Variety of voices on new releases make the cut

March 02, 2006|By RASHOD D. OLLISON

In the changer this week, we have new albums from a silky-voiced thug crooner, a woefully underrated Baltimore song stylist, a band named after a French TV children's show and a conceited, rough-mouthed female rapper blazing the hip-hop scene.

Jaheim, "Ghetto Classics": Last week, this CD, the New Jersey native's third, debuted at No. 1 on the pop charts after selling 152,000 copies during its first week in stores. All three of Jaheim's albums have incorporated the word ghetto in the title. His promising debut was 2001's Ghetto Love; its stronger follow-up was 2002's Still Ghetto. Each record sold more than a million copies. And Ghetto Classics, Jaheim's best set to date, should keep the momentum going. I must confess: Although I immediately liked his vocal style, an appealing combination of Luther Vandross' mellifluousness and Teddy Pendergrass' commanding power, I didn't care for Jaheim's material. Or his look. A handsome brotha, the artist had the requisite 'hood look down: a hard scowl, tattoos galore, baggy jeans, oversized shirts, zigzagging cornrows, shades (optional).

But the cover of Ghetto Classics, which features the singer in a dapper white suit and matching fedora, is indicative of the musical direction inside: more grown-up and less thuggish. Jaheim always sounds sincere, delivering his keepin'-it-real lyrics of romantic love ghetto-style. But this time, the production, courtesy of KayGee of Naughty By Nature, is sharper, the lyrics more focused. One of several highlights on Ghetto Classics is the first cut, "The Chosen One." The celebratory mid-tempo joint brilliantly samples "I Choose You," an overlooked 1973 soul gem by the recently departed Willie Hutch. The blend of Jaheim's smooth crooning and Jadakiss' gritty rapping works nicely on "Everytime I Think About Her." Rich with thoughtful melodies, open-hearted lyrics and buttery vocals, Ghetto Classics is a glimmering reminder that there's still hope for modern R&B.

Maysa, "Sweet Classic Soul": For more than a decade, this B-more homegirl with the smoked honey tone has been steadily recording either as a solo artist or with the British acid jazz collective Incognito. And although lovers of underground soul and smooth jazz know who she is, Maysa deserves much more attention than she receives. Sweet Classic Soul, her first album for Shanachie Entertainment, is an amiable if sometimes routine covers album. On it, she redoes '70s slow jams associated with Roberta Flack, Teddy Pendergrass, Phyllis Hyman and others. The production, overseen by Chris "Big Dog" Davis, is uncluttered but feels too antiseptic at times, particularly on Barry White's "Playing Your Game, Baby." But Maysa is magical on "Love Comes Easy," originally cut by the Stylistics in 1973. That wondrous remake alone is worth the price of the CD.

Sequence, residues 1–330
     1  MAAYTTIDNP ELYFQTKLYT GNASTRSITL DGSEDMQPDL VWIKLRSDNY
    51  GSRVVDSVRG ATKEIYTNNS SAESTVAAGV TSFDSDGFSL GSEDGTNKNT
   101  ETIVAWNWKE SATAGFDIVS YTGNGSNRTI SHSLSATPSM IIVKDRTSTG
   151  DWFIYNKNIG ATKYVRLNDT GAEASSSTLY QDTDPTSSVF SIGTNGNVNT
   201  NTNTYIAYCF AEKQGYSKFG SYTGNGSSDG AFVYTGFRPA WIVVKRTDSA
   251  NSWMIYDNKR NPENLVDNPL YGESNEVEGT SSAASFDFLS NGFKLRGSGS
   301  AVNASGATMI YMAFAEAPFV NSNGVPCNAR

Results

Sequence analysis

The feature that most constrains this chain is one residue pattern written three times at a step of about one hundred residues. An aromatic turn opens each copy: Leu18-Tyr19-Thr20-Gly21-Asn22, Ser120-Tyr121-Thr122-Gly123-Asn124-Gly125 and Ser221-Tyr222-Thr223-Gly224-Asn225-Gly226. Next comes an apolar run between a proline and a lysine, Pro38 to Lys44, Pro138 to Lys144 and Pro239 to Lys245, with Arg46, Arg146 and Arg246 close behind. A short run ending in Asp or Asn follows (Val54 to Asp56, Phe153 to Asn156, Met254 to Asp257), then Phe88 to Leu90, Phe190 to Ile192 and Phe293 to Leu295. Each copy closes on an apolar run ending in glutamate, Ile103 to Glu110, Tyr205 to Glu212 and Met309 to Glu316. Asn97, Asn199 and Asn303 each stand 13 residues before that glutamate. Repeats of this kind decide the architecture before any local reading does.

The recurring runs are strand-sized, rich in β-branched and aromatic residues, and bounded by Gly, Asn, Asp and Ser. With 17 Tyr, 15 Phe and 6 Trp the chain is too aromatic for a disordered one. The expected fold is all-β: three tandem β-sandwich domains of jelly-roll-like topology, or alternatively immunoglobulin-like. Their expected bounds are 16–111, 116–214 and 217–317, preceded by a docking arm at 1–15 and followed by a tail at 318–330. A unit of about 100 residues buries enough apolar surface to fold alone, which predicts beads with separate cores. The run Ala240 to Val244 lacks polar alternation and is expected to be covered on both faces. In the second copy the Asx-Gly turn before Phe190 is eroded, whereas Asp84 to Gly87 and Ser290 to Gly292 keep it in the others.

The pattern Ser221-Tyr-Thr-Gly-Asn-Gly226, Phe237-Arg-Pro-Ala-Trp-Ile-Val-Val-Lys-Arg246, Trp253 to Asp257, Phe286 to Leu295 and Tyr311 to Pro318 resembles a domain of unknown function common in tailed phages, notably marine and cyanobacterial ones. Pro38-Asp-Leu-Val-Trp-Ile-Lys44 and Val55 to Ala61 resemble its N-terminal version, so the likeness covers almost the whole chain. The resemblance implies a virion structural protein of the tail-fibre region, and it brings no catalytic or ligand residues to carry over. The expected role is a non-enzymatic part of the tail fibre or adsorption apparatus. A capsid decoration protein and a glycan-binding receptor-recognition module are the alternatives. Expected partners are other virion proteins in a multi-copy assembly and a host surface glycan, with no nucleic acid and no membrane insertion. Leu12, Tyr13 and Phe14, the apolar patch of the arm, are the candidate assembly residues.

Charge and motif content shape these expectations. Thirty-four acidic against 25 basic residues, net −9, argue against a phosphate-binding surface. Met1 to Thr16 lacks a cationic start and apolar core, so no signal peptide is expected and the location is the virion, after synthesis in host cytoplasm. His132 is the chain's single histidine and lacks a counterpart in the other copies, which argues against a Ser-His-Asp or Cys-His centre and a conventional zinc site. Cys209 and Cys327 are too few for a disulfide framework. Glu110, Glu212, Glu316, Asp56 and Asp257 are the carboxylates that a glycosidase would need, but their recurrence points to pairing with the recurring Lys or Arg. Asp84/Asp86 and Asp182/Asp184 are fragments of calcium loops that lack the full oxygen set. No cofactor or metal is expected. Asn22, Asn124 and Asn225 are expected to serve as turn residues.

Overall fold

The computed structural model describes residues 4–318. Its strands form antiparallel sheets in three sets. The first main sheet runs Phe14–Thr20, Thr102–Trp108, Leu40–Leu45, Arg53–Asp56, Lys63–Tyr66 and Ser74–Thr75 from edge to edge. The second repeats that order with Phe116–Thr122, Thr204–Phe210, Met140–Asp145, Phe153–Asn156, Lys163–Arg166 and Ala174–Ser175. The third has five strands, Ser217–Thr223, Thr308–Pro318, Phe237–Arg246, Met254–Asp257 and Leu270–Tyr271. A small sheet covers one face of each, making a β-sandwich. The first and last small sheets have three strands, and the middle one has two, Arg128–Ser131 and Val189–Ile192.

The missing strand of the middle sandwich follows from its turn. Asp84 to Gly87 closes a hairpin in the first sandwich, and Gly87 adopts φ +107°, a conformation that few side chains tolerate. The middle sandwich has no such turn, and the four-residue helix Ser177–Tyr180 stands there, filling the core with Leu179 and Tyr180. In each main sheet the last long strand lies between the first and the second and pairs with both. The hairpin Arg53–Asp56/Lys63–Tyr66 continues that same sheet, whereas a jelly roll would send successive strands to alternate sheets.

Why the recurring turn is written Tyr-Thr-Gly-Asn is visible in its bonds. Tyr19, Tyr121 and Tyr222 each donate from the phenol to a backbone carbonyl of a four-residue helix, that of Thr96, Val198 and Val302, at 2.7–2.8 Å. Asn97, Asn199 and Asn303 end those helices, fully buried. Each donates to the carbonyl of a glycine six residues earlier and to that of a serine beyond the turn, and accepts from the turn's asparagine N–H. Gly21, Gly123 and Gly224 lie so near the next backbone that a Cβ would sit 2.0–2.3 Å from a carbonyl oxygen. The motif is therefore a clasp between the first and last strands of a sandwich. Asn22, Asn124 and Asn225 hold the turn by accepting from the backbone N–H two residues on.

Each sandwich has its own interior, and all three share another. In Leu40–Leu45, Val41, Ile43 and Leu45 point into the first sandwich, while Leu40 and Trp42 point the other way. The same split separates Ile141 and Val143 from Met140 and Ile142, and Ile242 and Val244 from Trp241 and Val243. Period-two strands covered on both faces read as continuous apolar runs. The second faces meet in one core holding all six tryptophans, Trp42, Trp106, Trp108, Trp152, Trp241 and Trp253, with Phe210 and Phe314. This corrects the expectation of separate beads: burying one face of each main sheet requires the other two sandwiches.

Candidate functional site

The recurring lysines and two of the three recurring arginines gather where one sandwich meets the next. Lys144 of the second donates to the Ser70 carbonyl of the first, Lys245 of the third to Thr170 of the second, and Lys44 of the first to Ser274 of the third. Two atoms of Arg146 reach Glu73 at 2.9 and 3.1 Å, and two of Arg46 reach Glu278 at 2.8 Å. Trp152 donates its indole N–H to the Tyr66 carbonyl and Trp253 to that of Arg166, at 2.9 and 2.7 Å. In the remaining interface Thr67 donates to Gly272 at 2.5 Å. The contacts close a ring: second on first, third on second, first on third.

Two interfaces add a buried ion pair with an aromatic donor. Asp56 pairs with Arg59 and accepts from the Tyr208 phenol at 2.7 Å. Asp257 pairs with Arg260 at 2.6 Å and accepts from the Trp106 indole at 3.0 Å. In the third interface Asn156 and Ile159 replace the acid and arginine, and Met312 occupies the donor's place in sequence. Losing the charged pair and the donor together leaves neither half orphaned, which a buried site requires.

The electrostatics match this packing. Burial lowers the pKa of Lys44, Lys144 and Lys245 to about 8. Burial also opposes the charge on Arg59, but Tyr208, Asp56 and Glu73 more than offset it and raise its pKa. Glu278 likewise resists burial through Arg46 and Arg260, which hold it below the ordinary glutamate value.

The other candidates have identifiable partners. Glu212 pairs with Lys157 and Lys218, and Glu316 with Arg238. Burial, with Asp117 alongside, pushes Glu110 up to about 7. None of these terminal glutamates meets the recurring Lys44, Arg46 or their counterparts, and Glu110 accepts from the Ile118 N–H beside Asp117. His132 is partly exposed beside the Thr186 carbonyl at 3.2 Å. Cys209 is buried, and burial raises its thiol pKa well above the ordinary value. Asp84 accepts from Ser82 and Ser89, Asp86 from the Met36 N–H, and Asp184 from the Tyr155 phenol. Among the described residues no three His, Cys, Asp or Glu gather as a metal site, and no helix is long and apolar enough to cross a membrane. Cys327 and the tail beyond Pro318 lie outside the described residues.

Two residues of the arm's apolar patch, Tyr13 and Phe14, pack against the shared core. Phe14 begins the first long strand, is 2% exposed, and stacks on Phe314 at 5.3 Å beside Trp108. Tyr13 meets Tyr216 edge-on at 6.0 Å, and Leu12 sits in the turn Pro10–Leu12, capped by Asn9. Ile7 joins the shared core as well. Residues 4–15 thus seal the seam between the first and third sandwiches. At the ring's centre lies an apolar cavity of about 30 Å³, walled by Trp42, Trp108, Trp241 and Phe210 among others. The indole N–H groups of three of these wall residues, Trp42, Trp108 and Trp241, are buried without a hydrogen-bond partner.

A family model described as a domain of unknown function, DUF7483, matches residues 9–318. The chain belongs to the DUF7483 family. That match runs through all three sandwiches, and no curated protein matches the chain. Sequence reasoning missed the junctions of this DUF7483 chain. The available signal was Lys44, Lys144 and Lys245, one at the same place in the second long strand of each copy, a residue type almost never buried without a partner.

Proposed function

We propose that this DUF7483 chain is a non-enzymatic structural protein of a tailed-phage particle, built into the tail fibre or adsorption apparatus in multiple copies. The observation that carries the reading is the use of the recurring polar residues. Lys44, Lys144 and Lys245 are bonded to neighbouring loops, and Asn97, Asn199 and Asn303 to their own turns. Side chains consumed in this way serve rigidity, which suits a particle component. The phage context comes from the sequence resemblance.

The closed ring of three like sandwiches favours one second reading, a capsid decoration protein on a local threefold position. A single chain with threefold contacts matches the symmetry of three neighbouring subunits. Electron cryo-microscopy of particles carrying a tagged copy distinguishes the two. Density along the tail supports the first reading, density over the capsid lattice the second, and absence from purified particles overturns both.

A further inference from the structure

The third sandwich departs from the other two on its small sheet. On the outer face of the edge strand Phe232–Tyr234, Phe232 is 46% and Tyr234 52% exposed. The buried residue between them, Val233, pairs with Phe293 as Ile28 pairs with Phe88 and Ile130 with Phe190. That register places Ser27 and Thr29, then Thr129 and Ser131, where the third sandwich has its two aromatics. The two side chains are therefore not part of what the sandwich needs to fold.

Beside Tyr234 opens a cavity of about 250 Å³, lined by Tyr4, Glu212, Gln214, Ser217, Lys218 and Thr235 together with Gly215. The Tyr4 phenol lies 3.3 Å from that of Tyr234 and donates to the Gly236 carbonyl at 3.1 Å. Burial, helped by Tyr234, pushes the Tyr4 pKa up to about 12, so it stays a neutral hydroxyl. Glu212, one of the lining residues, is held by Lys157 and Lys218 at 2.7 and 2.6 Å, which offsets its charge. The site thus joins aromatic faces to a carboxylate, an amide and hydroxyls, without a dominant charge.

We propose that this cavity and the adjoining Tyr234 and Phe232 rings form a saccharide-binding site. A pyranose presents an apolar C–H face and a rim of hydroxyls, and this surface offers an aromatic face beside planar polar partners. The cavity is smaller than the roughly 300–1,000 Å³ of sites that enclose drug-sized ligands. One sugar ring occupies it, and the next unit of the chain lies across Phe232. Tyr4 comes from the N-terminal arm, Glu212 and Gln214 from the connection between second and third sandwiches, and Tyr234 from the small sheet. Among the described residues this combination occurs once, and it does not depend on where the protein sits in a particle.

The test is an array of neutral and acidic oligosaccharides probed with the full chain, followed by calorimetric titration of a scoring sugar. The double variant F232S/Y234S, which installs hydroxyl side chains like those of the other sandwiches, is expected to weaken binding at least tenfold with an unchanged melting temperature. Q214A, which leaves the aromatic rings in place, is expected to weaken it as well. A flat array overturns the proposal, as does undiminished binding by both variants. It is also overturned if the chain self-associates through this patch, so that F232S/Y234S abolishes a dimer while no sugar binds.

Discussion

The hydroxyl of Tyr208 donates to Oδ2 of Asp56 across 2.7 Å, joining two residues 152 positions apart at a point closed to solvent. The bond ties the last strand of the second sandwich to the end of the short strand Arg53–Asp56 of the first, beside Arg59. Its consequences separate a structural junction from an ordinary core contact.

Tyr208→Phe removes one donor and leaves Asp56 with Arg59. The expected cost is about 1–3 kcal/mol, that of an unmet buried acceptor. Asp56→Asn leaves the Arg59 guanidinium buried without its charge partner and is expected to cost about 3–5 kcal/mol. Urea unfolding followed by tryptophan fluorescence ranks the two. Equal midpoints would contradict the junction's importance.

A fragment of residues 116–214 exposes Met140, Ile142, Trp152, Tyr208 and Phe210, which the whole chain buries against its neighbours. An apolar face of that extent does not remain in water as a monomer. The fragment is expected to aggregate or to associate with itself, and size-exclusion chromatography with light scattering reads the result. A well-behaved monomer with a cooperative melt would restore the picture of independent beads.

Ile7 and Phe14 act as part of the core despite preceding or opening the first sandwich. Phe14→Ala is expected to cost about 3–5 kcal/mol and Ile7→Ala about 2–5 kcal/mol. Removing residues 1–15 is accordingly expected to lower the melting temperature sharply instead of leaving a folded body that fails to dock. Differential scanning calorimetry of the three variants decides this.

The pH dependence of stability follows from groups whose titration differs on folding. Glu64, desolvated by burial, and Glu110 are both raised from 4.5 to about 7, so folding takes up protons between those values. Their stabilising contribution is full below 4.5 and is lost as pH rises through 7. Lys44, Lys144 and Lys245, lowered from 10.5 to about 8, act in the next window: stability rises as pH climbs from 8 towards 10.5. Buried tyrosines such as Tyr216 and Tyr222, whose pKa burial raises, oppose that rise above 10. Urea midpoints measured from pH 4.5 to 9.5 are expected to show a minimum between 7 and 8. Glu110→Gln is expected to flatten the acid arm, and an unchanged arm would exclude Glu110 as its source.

Belle and Sebastian, "The Life Pursuit": I'm fairly new to this band, whose name comes from a French children's show about a boy and his dog. Yeah, the name is a bit corny, precious even. But the music isn't. On this, the Scottish septet's seventh album, the melodies are stylish, the lyrics witty. Stuart Murdoch, the group's lead vocalist, sounds a bit like David Bowie. And his influence at times ripples through the musical brew of glam rock, Motown pop and lounge jazz. There isn't a dud on the record. Every song is tight and tuneful, invigorated with a rocking, bluesy base. Belle and Sebastian plays the 9:30 Club in Washington Sunday and Monday nights. I have yet to catch the band live. Maybe they can translate the fun energy and impressive musicianship of The Life Pursuit onto the stage.

Remy Ma, "There's Something About Remy: Based on a True Story": Remy Ma bristles at being called a female rapper. She'd be the first to tell you she's better than most guys. On her long-awaited debut, the Bronx native proves she can go toe-to-toe with any rhyme-slinger on the scene, gender be damned. (Tight as she is, though, I don't think she could lyrically smoke Nas or Black Thought.) We first got wind of her on the Terror Squad's massive hit "Lean Back." On There's Something About Remy, the husky-voiced rapper stretches out, firing off boasts (the catchy single "Conceited") and getting the party started (the banging "Whuteva").

Though the more sensual Southern style of rap is hot now, Remy keeps things rooted in the harder, more word-and-beat-driven New York style. Handled by Swizz Beatz, Buckwild, Scott Storch and others, the production throughout is consistent and rightfully centered on Remy, who's always upfront. When she's not bragging about her sexual skills or how fly she is, the rapper is refreshingly introspective. And those moments are the highlights of the album. On "What's Going On," featuring Keyshia Cole, Remy spins a hardcore tale about abortion that's neither preachy nor maudlin. It's straight-up and undiluted, the way I usually prefer my hip-hop.

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